Mumbai-Bombay

Mumbai-Bombay Sculpture

Mumbai – Bombay 2015
96″ x 41″

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Bombay was renamed Mumbai, after the Hindu Goddess Mumbadevi in 1995, the year that the Hindu nationalist party Shiv Sena won the elections in the state of Maharashta. This was not a name that had any historical precedence for Bombay, it was done more to reflect a desire to stamp a Hindu identity upon the city. However much of the city has a muslim religion and still refers to it as Bombay. The chronicle of the riots and battles of 1993 between the Hindus and Muslims is recounted and explored in the book by Suketu Mehta, “Maximum city, Bombay lost and found”. Some extracts from this book relating to the changing nature of society in Bombay line the geographic edge of the peninsular in the sculpture.

In walking through Mumbai one becomes aware of the many thousands of Hindu shrines situated inside the trees and amidst the branches. Some of the temples have tiled facades depicting the Hindu deities. Depictions of the deities Shiva, Durga, Vishnu, Krishna, Lakshmi and Ganesh from these tiles appear in the sculpture from underneath the white paper that has been cut through with the Bollywood film titles. There are also images of the Islamic flag appearing here too, these flags, often confused with the Pakistani flag can be seen flying over some of the slums in Bombay.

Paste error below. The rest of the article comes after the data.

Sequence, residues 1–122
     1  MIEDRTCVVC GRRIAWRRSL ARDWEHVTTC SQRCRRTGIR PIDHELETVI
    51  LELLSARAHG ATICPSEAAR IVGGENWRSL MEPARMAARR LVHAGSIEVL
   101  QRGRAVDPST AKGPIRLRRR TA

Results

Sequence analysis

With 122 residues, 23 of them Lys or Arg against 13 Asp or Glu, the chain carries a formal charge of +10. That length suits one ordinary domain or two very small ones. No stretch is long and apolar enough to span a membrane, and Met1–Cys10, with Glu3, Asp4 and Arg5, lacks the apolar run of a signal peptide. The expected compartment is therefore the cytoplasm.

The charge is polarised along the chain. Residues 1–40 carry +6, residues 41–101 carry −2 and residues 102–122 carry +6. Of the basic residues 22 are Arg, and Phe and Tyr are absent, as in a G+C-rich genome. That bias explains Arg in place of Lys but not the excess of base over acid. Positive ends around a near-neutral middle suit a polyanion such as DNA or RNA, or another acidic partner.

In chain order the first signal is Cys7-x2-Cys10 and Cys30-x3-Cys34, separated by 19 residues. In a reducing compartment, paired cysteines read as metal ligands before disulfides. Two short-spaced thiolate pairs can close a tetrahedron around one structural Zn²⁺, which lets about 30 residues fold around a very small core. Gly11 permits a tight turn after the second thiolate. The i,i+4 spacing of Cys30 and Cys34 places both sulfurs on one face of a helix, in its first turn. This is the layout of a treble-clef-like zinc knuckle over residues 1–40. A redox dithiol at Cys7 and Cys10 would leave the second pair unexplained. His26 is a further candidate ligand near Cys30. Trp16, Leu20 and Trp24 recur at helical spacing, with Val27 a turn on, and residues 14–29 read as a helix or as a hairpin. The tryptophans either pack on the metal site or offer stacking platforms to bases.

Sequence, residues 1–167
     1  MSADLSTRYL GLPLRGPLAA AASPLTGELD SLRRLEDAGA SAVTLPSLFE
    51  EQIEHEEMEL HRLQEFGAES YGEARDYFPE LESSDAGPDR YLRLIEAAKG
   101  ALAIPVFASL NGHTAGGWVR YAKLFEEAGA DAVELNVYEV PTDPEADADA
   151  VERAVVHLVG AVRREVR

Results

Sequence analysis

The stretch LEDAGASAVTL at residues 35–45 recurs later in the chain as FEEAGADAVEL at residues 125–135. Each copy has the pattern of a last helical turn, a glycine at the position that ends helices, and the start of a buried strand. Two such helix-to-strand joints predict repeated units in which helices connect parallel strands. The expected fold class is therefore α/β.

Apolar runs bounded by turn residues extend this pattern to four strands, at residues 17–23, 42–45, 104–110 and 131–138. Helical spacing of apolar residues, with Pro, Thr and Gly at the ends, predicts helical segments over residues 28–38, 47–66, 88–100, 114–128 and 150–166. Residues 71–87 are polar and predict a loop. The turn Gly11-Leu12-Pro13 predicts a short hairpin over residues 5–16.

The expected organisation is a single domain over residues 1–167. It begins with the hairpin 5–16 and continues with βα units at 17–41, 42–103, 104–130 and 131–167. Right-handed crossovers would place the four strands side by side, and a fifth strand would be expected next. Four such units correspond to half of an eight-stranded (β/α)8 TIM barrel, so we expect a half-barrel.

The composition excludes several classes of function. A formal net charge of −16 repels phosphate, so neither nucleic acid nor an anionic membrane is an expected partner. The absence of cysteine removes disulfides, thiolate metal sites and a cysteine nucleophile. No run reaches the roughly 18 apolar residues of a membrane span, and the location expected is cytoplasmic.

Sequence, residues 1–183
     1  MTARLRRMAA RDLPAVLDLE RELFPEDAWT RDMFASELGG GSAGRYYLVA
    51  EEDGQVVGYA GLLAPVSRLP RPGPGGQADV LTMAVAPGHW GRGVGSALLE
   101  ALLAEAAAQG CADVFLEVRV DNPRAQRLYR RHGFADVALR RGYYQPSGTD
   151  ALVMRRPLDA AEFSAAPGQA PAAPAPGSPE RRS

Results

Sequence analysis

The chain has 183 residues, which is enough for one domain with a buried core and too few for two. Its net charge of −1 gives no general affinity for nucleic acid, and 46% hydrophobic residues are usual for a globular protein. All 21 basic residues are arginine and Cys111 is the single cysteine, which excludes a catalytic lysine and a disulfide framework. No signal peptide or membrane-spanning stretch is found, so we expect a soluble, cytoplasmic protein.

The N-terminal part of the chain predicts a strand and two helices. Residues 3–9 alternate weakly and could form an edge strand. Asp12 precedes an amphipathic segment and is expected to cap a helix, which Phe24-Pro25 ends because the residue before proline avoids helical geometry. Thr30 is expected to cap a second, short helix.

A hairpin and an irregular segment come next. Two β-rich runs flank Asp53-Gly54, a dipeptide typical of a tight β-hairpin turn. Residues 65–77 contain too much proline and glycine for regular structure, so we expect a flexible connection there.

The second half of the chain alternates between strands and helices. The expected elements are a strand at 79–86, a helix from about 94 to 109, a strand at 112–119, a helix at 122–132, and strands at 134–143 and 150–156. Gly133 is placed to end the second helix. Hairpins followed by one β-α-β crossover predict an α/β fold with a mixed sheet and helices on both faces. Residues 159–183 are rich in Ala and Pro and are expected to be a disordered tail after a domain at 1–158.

The street maps of Mumbai has been cut from images of the Bollywood film posters, the films themselves so much a part of the fabric of Indian popular culture. The film stars personalities emulate the Deities in a condensed version. The dance styles and routines mimic the representations of the Gods. The stars themselves occupy a much loved and revered position in Indian culture.

Surrounding the form of the peninsular of Bombay in the ocean are white cut out forms of the Shri Yantra, representing the beauty of three worlds, earth, atmosphere and sky, the union of masculine and feminine divinity. This is one of the forms created for the annual Diwali festival in Mumbai. Diwali is a celebration of inner light emerging from spiritual darkness, it is an ancient Hindu festival that takes place every autumn and centers on the new moon. The night of Diwali is the day Lakshmi chooses her husband Vishnu as her husband and marries him. Prayers are typically offered to Lakshmi, goddess of prosperity, lamps are lit to symbolize the sun, cosmic giver of light and energy to all life. Outside the houses in the doorways and entrances to their homes, women and children create Rangoli patterns in bright colors to surround their homes with auspicious symbols for the year ahead.

The entire sculpture is underpinned and surrounded by the Shri Yantra, which is perhaps the most meaningful symbol of all.

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